Gov. Frank Murkowski did read a memo from Alaska Department of Natural Re-sources Commissioner Tom Irwin questioning the legality of certain aspects of the Stranded Gas Act negotiations, according to his spokeswoman Becky Hultberg. But whether or not releasing the memo to the public was legal will have to be decided by the Alaska Department of Law, she said.
Murkowski released an internal memo written by Irwin to Alaska Attorney General David Marquez on Friday highlighting eight points where he thought the administration may be breaking the law while trying to cut a deal with the three North Slope producers, ConocoPhillips, ExxonMobil and BP. Irwin wrote that he wanted guidance from the attorney general on these matters.
Murkowski mentioned he was releasing the memo as an aside during a press conference Friday, saying there have been differences of opinion on the negotiations throughout the process.
Why did Murkowski release the memo?
"The governor took the issue very seriously and he felt like it was in the public's best interest to release it," Hultberg said in an interview Monday.
The Stranded Gas Act requires that negotiations are carried out in confidentiality. After a contract agreement is made between the state and the applicant, then it is released to the public for review and comment.
A contract has not yet been released for the public to review and details in the memo were previously unknown to the public.
When asked if Murkowski considered the legal ramifications of releasing the memo, Hultberg reiterated her response that the governor believed the public should see it.
Department of Law spoke-sman Mark Morones declined to comment on any questions regarding the memo.
When asked if the law was broken by releasing the memo he said, "That's part of what (the Department of Law) is looking at right now."
Morones said an answer to this question is expected later this week.
When the Clarion called the ADNR commissioner's office in Juneau on Monday morning seeking comment from Irwin, the response from the woman who answered the phone was Irwin was out of the office until Thursday.
When asked if he was out because of the memo's release, Dan Saddler, special assistant to the commissioner of the ADNR, said he did not know anything about Irwin being out of the office.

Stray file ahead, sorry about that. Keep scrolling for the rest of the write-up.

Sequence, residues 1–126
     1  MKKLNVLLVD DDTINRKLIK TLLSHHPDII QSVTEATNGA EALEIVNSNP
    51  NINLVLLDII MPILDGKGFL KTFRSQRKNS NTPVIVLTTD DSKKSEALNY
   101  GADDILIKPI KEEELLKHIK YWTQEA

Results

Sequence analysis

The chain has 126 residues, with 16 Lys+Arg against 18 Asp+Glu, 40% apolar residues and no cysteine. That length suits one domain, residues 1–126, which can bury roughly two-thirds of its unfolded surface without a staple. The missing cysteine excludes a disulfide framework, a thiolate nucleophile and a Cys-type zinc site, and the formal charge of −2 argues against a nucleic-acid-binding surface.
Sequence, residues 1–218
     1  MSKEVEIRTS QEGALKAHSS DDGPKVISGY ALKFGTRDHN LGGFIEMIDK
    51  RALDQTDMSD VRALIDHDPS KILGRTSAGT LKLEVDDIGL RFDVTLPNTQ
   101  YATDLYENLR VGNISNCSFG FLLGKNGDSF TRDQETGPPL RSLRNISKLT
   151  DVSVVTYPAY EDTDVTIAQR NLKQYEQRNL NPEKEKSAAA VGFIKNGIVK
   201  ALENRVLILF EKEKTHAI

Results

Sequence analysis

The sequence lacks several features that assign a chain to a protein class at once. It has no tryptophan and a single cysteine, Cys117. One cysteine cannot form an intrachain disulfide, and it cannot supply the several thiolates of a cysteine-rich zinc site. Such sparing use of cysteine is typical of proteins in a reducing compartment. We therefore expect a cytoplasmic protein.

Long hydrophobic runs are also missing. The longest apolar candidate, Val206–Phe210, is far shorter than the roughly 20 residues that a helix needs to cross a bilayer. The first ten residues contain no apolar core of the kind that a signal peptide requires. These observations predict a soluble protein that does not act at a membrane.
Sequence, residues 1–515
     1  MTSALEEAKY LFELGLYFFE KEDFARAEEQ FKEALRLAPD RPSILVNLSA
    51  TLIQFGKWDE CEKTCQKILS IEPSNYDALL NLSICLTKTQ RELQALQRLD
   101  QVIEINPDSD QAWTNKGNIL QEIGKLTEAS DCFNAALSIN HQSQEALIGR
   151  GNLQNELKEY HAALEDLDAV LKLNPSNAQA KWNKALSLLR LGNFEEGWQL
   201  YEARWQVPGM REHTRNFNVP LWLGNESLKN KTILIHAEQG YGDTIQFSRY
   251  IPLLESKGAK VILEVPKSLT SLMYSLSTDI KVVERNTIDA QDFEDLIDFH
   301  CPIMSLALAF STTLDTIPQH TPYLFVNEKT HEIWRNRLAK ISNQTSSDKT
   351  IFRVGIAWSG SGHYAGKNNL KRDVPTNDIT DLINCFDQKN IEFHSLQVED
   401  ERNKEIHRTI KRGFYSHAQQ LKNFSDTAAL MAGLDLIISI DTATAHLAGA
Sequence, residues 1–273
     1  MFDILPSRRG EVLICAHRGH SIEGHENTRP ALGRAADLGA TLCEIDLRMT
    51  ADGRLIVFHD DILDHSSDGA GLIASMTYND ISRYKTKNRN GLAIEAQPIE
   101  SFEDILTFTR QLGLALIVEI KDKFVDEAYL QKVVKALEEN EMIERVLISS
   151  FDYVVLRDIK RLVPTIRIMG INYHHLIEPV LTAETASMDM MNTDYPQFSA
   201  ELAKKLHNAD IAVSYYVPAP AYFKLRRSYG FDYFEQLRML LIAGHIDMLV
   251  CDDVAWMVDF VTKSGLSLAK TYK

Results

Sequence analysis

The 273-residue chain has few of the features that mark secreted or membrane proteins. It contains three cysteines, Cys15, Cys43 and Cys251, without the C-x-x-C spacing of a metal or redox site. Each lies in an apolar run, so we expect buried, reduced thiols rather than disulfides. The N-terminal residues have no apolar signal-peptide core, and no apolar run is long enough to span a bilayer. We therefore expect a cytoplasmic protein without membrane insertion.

Hultberg declined to answer any questions about "Commissioner Irwin's status."
Saddler said the ADNR considered the memo to be covered by attorney-client privilege.
"DNR didn't leak this thing," he said.
In his memo, Irwin says the state's proposed contract could:
n Alter the taxes of existing oil infrastructure and production;
n Prevent the state from taking the producers to court or issuing administrative decisions if they breach the contract;
n Put the state at risk by receiving its royalties in gas, which would not necessarily advance the project;
n Ease the producers' obligation to develop Point Thomson's gas. Irwin's de-partment has been under ''substantial and continuing pressure'' to endorse those terms, he writes;
n Fix fiscal terms for 30 years and call for the state's financial support, which economic models show is unnecessary;
n Require the Legislature to change the law under which negotiations were held to conform to the contract;
n Not include evaluations of any other proposal, including competing applications from TransCanada and the Alaska Gasline Port Authority.
He also writes the negotiations being held under the Stranded Gas Act may be for gas that can't be considered stranded any more. Stranded gas is gas that is not marketed due to prevailing costs or price conditions as determined by an economic analysis by the state's revenue commissioner.
Economic models now show Point Thomson and Prudhoe Bay gas don't meet that definition, Irwin wrote.
Associated Press reporter Matt Volz contributed to this story.
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